Adobe makes software, primarily in the area of creative products, including graphics, photography, illustration, animation, multimedia/video, motion pictures, and print. The company’s buildings are 80% certified to green building standards, such as LEED, and the company has several ongoing efforts to become more sustainable. It has said it plans to operate with 100% renewable energy by 2025 and to have 90% global waste diversion rate annually, along with reducing water use by 25% by 2025. The company is promoting diversity in its workforce, offering mentorships and career development programs to more than 22,000 students of Historically Black Colleges and Hispanic-serving Institutions.

Adobe chartAdobe’s Creative Cloud, Document Cloud and Experience Cloud products, all of which incorporate AI, drove 11% revenue growth year over year in the first quarter of fiscal 2024 to  $5.18 billion. That’s nothing new as revenue has increased (trailing 12 months) for 38 consecutive quarters. EPS was $1.36, down from $2.71 in the same quarter a year ago, due to a  $1 billion payment the company made for the termination of the company’s agreement to acquire Figma, which offers a product design platform. The deal fell under pressure from regulators in Europe and the UK.

The company doesn’t deliver a dividend, but it plans to spend $25 billion through March 2028 on buying back its shares. It projects second-quarter revenue to be between $5.25 billion and $5.3 billion, which fell short of analysts’ projections of $5.31 billion. It also said it expects adjusted EPS of between $4.35 and $4.40.

Ticker  P/E  Dividend Yield

8. Brookfield Renewable Partners – Renewable Energy, Dividend Growth

The company is the renewable power and transition company of Brookfield Asset Management, a leading global alternative asset manager. It operates 25,000 megawatts of renewable energy assets across 30 countries and has 31,800 megawatts of installed capacity in total. The projects it’s developing are 95% in cost-competitive renewable technologies — onshore wind, utility-scale solar, distributed energy or storage.

Brookfield chartThe company also develops projects for corporations that are looking to be net zero by 2050 and that trend should continue to drive business growth. In 2023, it had record funds from operations (FFO) of $1.09 billion, up 9% from 2022, and FFO per share of $1.67, up 7%.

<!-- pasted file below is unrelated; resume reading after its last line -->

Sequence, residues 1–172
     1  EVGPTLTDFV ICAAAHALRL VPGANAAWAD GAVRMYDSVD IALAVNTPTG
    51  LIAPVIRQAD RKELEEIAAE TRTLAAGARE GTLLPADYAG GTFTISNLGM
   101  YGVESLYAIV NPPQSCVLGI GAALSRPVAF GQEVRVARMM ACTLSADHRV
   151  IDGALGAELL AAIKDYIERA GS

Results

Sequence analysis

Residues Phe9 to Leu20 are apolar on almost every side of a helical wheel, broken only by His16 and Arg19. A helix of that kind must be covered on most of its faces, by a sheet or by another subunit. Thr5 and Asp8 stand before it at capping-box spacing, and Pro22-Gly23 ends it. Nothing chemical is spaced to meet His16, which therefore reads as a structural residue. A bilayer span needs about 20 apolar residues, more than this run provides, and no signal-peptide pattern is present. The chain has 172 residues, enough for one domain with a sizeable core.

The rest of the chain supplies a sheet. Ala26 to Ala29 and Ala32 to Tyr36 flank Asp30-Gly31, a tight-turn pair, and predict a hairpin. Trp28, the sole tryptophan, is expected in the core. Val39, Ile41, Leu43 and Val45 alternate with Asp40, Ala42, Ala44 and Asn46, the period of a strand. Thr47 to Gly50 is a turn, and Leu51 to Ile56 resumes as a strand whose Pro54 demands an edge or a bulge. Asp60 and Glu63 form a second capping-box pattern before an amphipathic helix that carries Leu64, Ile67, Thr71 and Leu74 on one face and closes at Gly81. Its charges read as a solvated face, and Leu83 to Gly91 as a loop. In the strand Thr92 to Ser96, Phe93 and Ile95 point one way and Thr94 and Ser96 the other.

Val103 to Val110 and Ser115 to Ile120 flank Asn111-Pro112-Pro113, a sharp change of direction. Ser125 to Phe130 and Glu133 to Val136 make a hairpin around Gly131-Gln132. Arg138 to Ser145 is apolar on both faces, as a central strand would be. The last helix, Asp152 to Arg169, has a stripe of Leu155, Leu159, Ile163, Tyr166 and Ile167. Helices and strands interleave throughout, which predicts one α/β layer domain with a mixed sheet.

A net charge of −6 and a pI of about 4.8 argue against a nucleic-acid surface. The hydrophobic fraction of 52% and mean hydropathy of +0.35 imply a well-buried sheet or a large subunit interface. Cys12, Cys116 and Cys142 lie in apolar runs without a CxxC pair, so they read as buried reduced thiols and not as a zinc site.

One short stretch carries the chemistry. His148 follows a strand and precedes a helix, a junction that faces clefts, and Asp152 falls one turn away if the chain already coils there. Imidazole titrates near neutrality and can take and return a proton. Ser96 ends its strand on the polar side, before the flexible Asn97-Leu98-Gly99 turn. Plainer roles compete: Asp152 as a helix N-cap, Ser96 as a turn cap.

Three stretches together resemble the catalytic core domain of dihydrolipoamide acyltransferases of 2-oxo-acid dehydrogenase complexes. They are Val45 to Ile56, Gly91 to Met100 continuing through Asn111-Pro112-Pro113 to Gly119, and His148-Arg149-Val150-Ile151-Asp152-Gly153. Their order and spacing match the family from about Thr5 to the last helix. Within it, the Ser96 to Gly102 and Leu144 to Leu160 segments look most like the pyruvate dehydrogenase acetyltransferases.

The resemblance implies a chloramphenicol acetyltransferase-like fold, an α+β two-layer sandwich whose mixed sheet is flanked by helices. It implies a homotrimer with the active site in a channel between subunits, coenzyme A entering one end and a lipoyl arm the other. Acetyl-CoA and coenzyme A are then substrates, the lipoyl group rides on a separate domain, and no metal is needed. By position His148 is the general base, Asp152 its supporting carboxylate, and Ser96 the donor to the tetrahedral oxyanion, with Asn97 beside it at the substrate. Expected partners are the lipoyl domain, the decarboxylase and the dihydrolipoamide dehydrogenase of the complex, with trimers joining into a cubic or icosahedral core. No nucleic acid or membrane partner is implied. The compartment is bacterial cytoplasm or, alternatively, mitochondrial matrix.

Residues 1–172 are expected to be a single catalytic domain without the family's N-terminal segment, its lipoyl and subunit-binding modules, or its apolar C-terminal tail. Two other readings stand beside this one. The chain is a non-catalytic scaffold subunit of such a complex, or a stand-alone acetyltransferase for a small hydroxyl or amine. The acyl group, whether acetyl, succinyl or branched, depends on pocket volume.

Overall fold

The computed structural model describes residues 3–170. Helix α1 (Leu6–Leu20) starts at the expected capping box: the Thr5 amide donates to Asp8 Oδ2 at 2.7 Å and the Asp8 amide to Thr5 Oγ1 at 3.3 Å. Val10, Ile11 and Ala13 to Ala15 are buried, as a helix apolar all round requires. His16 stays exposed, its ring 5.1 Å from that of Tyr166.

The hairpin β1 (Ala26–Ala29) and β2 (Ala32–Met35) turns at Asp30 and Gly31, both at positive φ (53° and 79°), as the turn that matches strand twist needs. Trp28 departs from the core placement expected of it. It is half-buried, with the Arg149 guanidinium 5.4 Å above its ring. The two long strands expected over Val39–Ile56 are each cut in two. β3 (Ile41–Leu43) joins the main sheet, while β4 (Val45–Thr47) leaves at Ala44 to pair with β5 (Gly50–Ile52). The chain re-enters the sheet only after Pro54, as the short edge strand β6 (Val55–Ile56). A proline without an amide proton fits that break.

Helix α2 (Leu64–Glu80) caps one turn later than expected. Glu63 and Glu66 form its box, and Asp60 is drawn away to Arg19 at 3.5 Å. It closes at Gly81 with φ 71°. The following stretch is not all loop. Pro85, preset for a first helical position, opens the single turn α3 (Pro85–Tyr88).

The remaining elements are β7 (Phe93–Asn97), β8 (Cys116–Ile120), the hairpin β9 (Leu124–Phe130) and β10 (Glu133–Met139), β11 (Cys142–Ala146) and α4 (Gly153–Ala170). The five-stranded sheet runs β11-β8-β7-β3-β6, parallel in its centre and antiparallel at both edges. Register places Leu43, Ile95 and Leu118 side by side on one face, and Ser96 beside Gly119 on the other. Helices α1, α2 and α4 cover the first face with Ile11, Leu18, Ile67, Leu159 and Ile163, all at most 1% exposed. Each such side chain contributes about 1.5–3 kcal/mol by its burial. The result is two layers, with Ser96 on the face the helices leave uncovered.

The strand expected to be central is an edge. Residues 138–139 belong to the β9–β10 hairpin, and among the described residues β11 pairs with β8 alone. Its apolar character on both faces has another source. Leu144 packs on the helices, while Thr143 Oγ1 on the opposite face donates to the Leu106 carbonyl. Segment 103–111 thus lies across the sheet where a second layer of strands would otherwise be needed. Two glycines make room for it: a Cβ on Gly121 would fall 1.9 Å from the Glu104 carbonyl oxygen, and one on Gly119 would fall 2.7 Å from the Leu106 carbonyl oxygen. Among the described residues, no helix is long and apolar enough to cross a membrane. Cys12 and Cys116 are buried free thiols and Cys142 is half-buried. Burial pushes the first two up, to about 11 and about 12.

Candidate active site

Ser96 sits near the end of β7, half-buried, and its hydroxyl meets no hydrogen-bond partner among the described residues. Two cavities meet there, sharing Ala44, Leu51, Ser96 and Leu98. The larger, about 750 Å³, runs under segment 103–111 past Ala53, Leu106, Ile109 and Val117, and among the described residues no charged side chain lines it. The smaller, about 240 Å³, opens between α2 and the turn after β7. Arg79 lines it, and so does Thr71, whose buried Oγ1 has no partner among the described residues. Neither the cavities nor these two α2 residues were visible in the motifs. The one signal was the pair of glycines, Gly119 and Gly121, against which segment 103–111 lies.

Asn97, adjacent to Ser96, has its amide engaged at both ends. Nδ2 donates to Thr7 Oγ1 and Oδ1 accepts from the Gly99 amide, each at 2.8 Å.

Brookfield Energy Partners raised its quarterly dividend by 5.2% this year to $0.355, the third consecutive year it has increased its dividend by 5% or more. The company tries to keep its FFO payout ratio below 70%, which should allow it to continue to increase the dividend.

Ticker  P/E  Dividend Yield
NYSE: BEP N/A 7.10%

9. Constellation Energy – Largest Carbon-Free Energy Producer in US

Constellation serves more than two million customers and is the largest producer of carbon-free energy in the US, with more than 32,400 megawatts of capacity and an annual output that is 90% carbon free. 

Constellation chartThe company has said it’s looking to eliminate 100% of its greenhouse gas emissions by 2040, using hydro, wind and solar power. For the 10th consecutive year, Constellation has led the US in producing carbon-free energy while having the lowest rate of CO2 emissions among the 20 largest private, investor-owned power producers in the country.

In 2023, the company reported $24.9 billion in revenue, up 1.96% while its net income rose to $1.62 billion, compared to a $160 million loss in 2022. The company, which has said its goal is to raise its dividend by 10% or more every year, increased it by 25% this year to $0.3525. 

Ticker  P/E  Dividend Yield
NASDAQ: CEG 37.26 0.76%

10. Applied Materials –  Serious About Renewable Energy

While the semiconductor industry is seen as being beneficial to ESG efforts because semiconductor chips power electrification and energy-efficiency measures in vehicles and equipment, the flip side of that is the chip-making industry is responsible for as much carbon dioxide output as half of US households. 

applied chartApplied takes its sustainability seriously, though. The company is building a new logistics center in Austin, Texas, and it’s the largest privately owned solar installation in Texas. It already uses only renewable energy in the US, and by 2030, the company is looking to be 100% on renewable energy overseas.

The company had revenue of $6.7 billion in the first quarter, which was flat year over year, but because margins improved slightly, EPS grew by 19% over the same period last year, to $2.41. In the second quarter, the company is forecasting revenue of around $6.5 billion, with a $400 million margin of error, and adjusted EPS is expected to be between $1.79 and $2.15, compared to $2 in 2023. The company raised its quarterly dividend this year by 25%, the seventh consecutive year it has boosted its dividend.

Ticker  P/E  Dividend Yield
NASDAQ: AMAT 24.64 0.76%

What Elements Are Considered in ESG Investing?

Environmental, the first pillar of ESG, means avoiding companies with poor records on the environment because they face greater scrutiny from governments and their business models could be upended by government rules and laws designed to protect the environment.